Event date: 3 May 2018, 18:00-19:00, London.
This talk by Dr Eva-Maria Troelenberg of the Kunsthistorisches Institut in Florence will trace the history and fate of a prominent Safavid (16th century) medallion carpet. The piece had been traded to Europe probably at some point in Early Modern history. It was purchased in Venice in the late 19th century by Renaissance connoisseur and museum man Wilhelm Bode, was displayed as one of the core pieces of the “Persian-Islamic Department” of the Berlin Museums after 1904, destroyed during the Second World War, and resurrected by means of restoration and publication in the 1950s. The itinerary of this textile on the one hand reflects the central—at times ideological—position of Persian culture within an emerging canon of Islamic arts during the first half of the 20th century. On the other hand, its material history of discovery, display, destruction and reconstruction challenges the teleological notion that is inherent to many cross-cultural museum collections.
Admission to this talk at The Courtauld Institute of Art in the Strand is free but registration is required through the link below.
For more information visit the website of The Courtauld Institute of Art
Event date: Saturday 5 March 2016, 9:15am – 6:30pm
The Courtauld Institute is running a day-long conference next month on eighteenth-century textile design. Although not strictly within the remit of ‘Asian textiles’, there is no doubt that European textile design in the eighteenth century owes a lot to oriental influences, and so I expect this will appeal to a number of OATG members. This conference is organised by Lesley Miller of the V&A Museum, and speakers include Giorgio Riello (Warwick University) and Maximilien Durand (Director of the Musée des tissus et des arts décoratifs de Lyon).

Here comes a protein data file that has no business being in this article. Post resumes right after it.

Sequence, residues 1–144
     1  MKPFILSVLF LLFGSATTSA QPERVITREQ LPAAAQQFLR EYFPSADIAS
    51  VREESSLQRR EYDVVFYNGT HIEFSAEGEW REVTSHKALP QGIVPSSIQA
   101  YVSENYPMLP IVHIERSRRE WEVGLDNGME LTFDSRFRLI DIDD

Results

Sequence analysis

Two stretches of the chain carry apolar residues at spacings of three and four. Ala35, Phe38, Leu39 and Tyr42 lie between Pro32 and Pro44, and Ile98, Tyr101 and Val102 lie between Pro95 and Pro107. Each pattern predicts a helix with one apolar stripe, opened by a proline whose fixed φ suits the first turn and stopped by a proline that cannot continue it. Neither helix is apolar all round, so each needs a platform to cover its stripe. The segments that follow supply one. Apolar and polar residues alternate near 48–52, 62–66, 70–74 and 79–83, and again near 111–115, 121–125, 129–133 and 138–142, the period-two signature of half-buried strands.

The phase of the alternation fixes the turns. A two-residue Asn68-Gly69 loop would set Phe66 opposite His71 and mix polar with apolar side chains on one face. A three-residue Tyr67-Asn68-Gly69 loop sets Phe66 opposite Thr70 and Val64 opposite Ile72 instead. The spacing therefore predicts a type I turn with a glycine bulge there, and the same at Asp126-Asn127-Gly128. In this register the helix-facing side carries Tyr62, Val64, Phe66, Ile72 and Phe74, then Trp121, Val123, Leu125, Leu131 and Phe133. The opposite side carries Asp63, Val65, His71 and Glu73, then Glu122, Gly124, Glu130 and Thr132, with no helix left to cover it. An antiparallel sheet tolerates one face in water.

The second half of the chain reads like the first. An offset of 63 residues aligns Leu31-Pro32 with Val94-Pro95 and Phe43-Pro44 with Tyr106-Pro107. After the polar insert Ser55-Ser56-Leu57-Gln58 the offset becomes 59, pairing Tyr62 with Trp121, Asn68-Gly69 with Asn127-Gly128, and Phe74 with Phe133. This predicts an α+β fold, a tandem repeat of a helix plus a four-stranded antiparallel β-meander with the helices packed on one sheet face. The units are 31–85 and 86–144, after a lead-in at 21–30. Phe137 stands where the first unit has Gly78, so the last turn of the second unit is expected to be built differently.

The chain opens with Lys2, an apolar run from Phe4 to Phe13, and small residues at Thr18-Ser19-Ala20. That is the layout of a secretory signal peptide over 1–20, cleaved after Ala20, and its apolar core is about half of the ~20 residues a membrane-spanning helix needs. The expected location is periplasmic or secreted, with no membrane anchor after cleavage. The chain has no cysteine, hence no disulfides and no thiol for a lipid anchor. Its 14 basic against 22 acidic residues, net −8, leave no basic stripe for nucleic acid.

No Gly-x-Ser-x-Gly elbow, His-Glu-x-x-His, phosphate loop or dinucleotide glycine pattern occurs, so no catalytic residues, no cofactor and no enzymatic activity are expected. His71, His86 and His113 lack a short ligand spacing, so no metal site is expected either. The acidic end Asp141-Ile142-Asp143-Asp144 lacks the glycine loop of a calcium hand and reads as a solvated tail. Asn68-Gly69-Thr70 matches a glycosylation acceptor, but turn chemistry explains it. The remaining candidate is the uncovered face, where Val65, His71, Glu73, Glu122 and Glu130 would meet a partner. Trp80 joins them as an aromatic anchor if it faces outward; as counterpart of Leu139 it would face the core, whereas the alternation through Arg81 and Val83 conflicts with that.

Joubert de la Hiberderie’s Le Dessinateur d’étoffes d’or, d’argent, et de soie (1765) was the first book to be published on textile design in Europe. In preparation for the publication of an English translation and critical edition of the text, this one-day conference will analyse, critique and contextualise Le dessinateur in the light of its themes: production, design, technology, education, botany and art. Joubert’s manual argues for both a liberal and a technological education for the ideal designer. Such a person must, he argues, have detailed knowledge of the materials, technologies and traditions of patterned silk in order successfully to propose new designs; he or she must also have taste and an eye for beauty, which call, he says, for travel in order to see both the beauties of nature and those of art gathered in the gardens and galleries of Paris and the île de France.
For more information, visit the website of the Courtauld Institute, London.